Expanding Copyright User Rights in South Africa
[Sean Flynn] On August 18, a group of South African and international legal experts will work with South African filmmakers to better understand their rights as users as well as creators under copyright law. The meeting will focus on actions filmmakers can take to use and expand user rights in South Africa that are necessary to fully enable the vibrant filmmaking industry that already exists, and to support emerging artists. Click here for more.
See also: Briefing on “Copyright Users’ Rights and the Clearance Culture in South African Filmmaking” Link.
Website Documents How the U.S. Could Use Certification to Write TPPA Countries’ Laws
A new website has been launched today (www.tppnocertification.org) that documents the extraordinary process of ‘certification’ through which the United States claims the right to vet and approve other countries laws before it will allow a trade and investment treaty to come into force. This process has existed for many years, but it has been used more intensively in the past decade because Congress was dissatisfied with how some countries had been implementing their US free trade agreements. Click here for more.
See also: EFF. Certification Allows US Trade Negotiators to Rewrite TPP Copyright Rules. Link.
Taiwan Considers Patent Linkage Now to Prepare to Join the TPP in the Future
[Mike Palmedo] Inside U.S. Trade reports that Taiwan is taking steps to develop a system of patent linkage, which would prevent generic firms from gaining marketing approval for their products while originator products are still under patent. The country wants to join the Trans Pacific Partnership at a later date, and it expects that patent linkage will be one of the requirements for countries wishing to acceded to the Agreement… U.S. industry and government have been trying for a long time to prod Taiwan into implementing a system of patent linkage. A 2007 diplomatic cable from US State Department officials to the Secretary of State, titled: “Taiwan Pharma: Patent Linkage Going Nowhere” had this to say on the matter… Click here for more.
Piracy and New Product Creation: A Bollywood Story
[Rahul Telang and Joel Waldfogel] Abstract: While copyright research in the decade following Napster focused mostly on whether file sharing undermines demand, research has more recently asked how piracy and other aspects of digitization affect the supply of new products. Although revenue has declined sharply, evidence that weakened effective copyright protection undermines creation has been elusive. Instead, because of cost-reducing effects of digitization, the number of new recorded music products – and their apparent quality – has increased. This study examines movie production in India during a period of technological change that facilitated large-scale piracy. … While the number of new movies released had grown steadily from 1960 to 1985, it fell markedly between 1985 and 2000, suggesting a supply elasticity in the range of 0.2-0.7. Thus, our study provides affirmative evidence on a central tenet of copyright policy, that stronger effective copyright protection effects more creation. Click here for the full paper on SSRN.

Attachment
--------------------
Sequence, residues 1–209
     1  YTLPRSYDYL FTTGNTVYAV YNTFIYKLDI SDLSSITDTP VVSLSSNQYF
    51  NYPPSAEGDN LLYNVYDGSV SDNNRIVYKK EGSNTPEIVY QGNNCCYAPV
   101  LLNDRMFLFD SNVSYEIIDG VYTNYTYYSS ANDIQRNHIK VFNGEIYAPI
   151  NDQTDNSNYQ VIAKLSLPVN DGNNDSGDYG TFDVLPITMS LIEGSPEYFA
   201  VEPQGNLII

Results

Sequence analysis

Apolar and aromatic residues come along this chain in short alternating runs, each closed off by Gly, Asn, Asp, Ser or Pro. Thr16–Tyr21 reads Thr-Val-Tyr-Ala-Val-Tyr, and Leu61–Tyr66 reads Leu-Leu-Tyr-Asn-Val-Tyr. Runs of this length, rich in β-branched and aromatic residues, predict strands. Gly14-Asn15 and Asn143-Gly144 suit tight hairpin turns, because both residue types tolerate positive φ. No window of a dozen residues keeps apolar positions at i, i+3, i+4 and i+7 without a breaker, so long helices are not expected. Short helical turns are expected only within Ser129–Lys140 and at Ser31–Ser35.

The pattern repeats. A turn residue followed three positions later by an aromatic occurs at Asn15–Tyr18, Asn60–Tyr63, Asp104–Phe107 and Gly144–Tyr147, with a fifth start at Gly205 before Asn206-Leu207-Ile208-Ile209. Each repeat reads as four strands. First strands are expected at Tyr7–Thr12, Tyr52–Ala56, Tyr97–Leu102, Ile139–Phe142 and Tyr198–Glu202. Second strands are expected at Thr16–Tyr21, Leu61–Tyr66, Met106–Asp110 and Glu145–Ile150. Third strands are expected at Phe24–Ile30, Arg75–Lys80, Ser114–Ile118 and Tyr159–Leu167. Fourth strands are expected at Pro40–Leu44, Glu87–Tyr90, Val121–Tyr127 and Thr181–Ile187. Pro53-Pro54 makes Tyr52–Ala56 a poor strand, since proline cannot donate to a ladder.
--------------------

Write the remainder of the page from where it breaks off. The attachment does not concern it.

How Many Jobs Does Intellectual Property Create?
[Eli Dourado and Ian Robinson] Abstract: In the past two years, a spate of misleading reports on intellectual property has sought to convince policymakers and the public that implausibly high proportions of US output and employment depend on expansive intellectual property (IP) rights. These reports provide no theoretical or empirical evidence to support such a claim, but instead simply assume that the existence of intellectual property in an industry creates the jobs in that industry. We dispute the assumption that jobs in IP-intensive industries are necessarily IP-created jobs. We first explore issues regarding job creation and the economic efficiency of IP that cut across all kinds of intellectual property. We then take a closer look at these issues across three major forms of intellectual property: trademarks, patents, and copyrights. Click here for the full report on mercatus.org.
Australia Eyes Copyright Act Amendment To Curb Downloading
[Catherine Saez] The Australian government is seeking to amend its copyright act to address online copyright infringement. To that purpose, a discussion paper has issued for public input until 1 September. In particular, the paper looks at trends in similar nations and proposes measures to dry up business models operating outside of Australia, and to extend the responsibility of internet service providers. The Online Copyright Infringement Discussion Paper released in July, makes a number of proposals to amend the Australian Copyright Act of 1968. Internet service providers (ISPs) say they welcome the discussion paper, but remain wary. Click here for the full paper on IP Watch.